Search For Citrus Greening Cure Starts In Tiny Lake Alfred
Hundreds of researchers from across the globe are in Orlando this week to talk about one thing, citrus greening.
It’s a disease that’s devastating Florida’s $9 billion iconic crop and threatening citrus worldwide.
Some of the most promising research comes from tiny Lake Alfred, Fla., the global front line in the fight against greening.
In a grove left barren and bony by greening, a tractor moves from one sickened tree to the next. The tractor stops, and a tent the size of a camping tent unfolds from its side. The tent lowers and fills with steam. Then it rises again. Steam curls, and the tree drips with moisture.
Reza Ehsani is experimenting with heat as a treatment for greening.
“This bacteria just cannot handle this heat, and that’s all it is.”
He says the treatment isn’t a cure, but it can give a tree about two more years.
“I’m hoping that by that we are able to keep the growers in production long enough until we have a more permanent solution.”
It’s among the new research underway at the University of Florida’s Citrus Research and Education Center in Lake Alfred, outside of Lakeland. The center is the world’s largest research center devoted to a single crop. Michael Rogers is interim director.
“At the end of the day if growers stay in business it’s because we’ve been able to find a way to live or manage with citrus greening disease, because that is the No. 1 limiting factor for growers right now.”
Here in the state’s citrus growing heartland all of the center’s 200 faculty and support staff are involved in the search for a cure for one of the worst diseases to hit a U.S. crop.
Some of them will present this week in Orlando at the International Research Conference on Huanglongbing, the name for the disease in China where it’s believed to have originated.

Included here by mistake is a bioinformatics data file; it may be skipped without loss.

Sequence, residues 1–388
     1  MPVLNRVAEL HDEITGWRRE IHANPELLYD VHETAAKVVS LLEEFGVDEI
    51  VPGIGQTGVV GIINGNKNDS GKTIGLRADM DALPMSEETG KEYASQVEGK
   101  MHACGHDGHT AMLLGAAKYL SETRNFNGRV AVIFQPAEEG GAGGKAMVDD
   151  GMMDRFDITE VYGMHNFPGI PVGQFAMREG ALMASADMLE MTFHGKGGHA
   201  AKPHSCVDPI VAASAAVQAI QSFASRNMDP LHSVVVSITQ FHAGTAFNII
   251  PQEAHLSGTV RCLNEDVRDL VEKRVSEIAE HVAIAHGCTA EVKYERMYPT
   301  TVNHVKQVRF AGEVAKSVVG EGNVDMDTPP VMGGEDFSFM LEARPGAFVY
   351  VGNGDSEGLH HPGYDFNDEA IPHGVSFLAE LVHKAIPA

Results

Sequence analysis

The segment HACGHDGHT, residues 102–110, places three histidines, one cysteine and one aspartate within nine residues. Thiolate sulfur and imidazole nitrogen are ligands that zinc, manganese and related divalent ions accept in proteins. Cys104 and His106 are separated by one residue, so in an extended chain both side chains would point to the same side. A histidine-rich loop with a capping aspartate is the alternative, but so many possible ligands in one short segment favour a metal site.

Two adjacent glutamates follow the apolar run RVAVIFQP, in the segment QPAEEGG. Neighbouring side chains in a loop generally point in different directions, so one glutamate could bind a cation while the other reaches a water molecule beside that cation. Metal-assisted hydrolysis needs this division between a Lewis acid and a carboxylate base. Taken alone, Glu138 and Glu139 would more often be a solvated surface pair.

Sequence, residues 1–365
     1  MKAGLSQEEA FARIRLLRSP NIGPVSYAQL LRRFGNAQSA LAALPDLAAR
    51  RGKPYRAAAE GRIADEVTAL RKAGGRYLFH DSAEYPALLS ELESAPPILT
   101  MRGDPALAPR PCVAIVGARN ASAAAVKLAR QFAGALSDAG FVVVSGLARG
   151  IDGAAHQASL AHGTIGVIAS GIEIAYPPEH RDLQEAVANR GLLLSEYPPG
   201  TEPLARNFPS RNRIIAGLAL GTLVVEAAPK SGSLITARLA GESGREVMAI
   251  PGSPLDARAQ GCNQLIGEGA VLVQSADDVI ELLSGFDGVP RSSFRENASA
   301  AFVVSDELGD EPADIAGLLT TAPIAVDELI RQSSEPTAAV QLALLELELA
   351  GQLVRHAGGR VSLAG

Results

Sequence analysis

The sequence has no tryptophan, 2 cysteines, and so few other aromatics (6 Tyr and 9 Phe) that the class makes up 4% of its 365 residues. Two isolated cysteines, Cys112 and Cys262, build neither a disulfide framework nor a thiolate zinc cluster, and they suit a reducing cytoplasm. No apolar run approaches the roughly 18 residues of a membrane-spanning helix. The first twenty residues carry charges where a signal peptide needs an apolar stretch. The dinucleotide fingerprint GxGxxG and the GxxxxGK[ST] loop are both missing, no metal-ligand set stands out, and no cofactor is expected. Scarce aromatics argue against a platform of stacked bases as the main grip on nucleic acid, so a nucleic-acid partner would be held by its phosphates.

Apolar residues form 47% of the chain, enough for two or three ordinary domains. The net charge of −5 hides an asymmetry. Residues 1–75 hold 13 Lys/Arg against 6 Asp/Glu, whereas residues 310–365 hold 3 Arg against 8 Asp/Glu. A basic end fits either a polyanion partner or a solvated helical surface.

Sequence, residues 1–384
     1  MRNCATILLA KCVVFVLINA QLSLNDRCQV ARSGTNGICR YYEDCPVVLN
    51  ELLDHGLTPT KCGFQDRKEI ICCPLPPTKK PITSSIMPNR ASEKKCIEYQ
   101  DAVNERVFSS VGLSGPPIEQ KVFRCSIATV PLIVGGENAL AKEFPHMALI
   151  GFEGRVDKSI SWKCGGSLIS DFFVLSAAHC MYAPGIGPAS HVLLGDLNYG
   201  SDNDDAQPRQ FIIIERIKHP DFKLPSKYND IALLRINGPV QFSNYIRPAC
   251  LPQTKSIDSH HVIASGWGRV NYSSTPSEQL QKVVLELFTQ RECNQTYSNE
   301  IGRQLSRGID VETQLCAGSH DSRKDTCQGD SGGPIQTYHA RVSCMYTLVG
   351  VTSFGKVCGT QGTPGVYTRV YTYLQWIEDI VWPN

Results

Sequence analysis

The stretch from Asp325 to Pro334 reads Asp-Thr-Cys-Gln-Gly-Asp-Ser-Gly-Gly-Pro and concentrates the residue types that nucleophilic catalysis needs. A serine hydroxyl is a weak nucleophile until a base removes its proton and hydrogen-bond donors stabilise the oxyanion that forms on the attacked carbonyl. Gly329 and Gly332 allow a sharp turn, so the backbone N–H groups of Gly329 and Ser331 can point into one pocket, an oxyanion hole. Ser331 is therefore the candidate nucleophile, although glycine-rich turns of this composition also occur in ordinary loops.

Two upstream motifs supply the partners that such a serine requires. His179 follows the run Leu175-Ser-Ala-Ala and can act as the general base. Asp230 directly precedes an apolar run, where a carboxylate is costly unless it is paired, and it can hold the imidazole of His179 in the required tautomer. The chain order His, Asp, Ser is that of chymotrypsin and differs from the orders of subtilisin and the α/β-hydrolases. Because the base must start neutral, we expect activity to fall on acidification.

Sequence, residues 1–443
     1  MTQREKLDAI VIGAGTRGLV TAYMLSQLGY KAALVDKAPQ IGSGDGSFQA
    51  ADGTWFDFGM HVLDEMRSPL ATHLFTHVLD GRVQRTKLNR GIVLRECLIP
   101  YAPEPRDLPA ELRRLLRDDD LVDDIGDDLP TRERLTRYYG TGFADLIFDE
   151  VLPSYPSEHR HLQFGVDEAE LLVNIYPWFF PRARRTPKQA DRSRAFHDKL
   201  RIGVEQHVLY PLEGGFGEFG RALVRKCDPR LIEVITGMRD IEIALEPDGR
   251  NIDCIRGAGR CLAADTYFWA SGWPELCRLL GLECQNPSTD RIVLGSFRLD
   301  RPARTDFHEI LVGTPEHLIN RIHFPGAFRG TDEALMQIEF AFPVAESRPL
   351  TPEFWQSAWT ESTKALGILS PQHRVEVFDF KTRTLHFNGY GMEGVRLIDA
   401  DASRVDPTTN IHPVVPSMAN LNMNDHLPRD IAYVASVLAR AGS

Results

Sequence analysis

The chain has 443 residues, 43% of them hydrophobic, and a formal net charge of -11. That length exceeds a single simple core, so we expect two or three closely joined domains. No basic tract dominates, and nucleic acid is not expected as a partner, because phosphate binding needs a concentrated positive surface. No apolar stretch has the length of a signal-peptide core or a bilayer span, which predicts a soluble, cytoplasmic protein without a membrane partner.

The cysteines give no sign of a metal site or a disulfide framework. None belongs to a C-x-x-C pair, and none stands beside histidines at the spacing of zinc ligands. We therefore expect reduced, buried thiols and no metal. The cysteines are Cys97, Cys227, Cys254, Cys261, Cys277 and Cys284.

For Florida the crisis is existential. Citrus is the leading crop in the state, which is second behind Brazil in oranges grown for juice. Since greening appeared a decade ago production has plunged from 300 million boxes a season to 103 million this year, the worst ever.
Greening is spread by a tiny insect called a psyllid. The disease weakens the trees. Most die within a few years. Rogers says some of the first symptoms appear in the tree’s canopy.
“So what you see is a lot of nutritional type deficiencies in the upper canopy. The canopies start to thin. But the most important thing for us is the fact that the fruit becomes unusable. It gets small in size. It never really truly ripens up, so it can’t be used for juice production or fresh fruit production.”
In Lake Alfred researchers are attacking the disease from every angle. Kirsten Pelz-Stelinksi is working on developing a whole new psyllid.
“It’s actually called the New Psyllid Project, that is just less capable of moving this pathogen around, and grow that population to a size where we can release it, and it will be competitive in the environment and it will displace the population of psyllids that are currently out there.”
But Rogers says researchers still haven’t discovered how to grow the bacteria that causes the disease in the lab.
“And that’s a real key problem because all the strategies and approaches to curing this, we don’t have the organism in the petri dish to work with.”
What everyone wants most is a tree that is resilient against the disease. That’s what Fred Gmitter is working on. He’s part of a team experimenting with cross-breeding varieties of citrus trees that are less sensitive to greening.
“So we’re looking at a wide range of different kinds of plants. And as the greening wave washed over we’re looking at who’s still standing.”
The researchers found some varieties like Sugar Belles fare better against the disease than others, like Honey Tangerines. Through cross-breeding they’ve developed a new tangerine that Gmitter says growers are calling, Bingo.
“It’s what they’ve been looking for, a beautiful, seedless, easy-to-peel, fantastically delicious tangerine that’s adapted to the Florida environment, and if it holds up against greening then really, bingo.”
Gmitter says it isn’t a cure. He says eventually the team will develop new and even better varieties, and as growers replant the trees that succumb finally greening will be eradicated.
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